All of us face challenges in achieving our goal, and we must work together to address several significant issues, including the need to bring science into all aspects of care, the impending shortage of oncologists, the increased costs of care, and the imperative need to foster the development of new cancer specialists. ASCO represents oncologists who work in a wide range of settings and subspecialties. However, in reality, we are all part of one oncology community, focused on a shared goal of enhancing care for individuals with cancer.

Enhancing practice productivity may help us address another crucial issue: a projected shortage of oncologists in the coming years. The findings of the ASCO Oncology Workforce Study indicate that by the year 2020, the demand for oncology services will increase by 48%, while the supply of services provided by oncologists will increase by only 14%.1 ASCO established the Workforce Implementation Group, a group of 21 members with expertise in clinical practice, cancer education, research, and oncology training. The group, led by Michael Goldstein, MD, and Dean Bajorin, MD, is charged with developing recommendations to address the projected shortfall.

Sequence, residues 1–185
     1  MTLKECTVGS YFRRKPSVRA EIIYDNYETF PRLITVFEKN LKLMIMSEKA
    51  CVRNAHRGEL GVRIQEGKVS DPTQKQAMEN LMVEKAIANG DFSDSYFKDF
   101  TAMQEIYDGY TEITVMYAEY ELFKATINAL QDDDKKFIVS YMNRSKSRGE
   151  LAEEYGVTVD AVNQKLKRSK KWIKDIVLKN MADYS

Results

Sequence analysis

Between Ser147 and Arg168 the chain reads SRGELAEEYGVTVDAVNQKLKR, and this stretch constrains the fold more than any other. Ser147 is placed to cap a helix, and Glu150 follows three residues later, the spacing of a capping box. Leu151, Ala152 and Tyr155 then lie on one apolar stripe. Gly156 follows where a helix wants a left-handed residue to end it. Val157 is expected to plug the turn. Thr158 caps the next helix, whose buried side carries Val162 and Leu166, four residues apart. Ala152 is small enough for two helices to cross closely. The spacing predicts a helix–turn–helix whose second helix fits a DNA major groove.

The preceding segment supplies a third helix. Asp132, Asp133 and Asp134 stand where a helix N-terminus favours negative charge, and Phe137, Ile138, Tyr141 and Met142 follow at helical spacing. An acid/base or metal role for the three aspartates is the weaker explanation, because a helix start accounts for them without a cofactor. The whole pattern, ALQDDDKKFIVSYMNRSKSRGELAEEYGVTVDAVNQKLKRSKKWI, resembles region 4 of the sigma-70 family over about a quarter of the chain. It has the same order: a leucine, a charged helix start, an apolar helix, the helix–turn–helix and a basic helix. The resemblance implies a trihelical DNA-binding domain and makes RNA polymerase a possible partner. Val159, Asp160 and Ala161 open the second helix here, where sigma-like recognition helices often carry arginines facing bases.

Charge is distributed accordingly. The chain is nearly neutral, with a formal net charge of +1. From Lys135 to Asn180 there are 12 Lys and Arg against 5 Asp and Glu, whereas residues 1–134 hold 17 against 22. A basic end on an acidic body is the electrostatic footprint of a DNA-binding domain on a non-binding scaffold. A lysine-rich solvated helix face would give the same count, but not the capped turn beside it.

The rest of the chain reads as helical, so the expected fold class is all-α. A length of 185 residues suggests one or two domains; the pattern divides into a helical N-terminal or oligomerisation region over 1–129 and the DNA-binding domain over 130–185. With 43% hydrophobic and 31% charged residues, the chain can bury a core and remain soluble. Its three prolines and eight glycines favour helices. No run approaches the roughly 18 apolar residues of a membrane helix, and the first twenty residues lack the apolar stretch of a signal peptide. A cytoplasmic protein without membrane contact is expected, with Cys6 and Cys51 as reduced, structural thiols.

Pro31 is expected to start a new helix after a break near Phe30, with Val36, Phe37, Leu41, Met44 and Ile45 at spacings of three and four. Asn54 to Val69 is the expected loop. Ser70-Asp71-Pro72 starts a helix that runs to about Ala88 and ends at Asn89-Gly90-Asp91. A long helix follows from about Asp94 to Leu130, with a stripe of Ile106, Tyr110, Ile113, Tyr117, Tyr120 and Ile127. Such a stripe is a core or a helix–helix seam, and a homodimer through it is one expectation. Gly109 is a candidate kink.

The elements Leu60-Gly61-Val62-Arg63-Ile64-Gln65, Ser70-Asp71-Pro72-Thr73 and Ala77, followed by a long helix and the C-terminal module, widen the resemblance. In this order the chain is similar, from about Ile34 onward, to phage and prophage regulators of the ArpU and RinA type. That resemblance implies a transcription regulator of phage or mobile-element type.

As we close out the year, I look forward with you to the wealth of ASCO educational opportunities in 2008. Let us commit ourselves to working together as a single oncology community to meet the challenge of helping our patients obtain the best possible cancer care.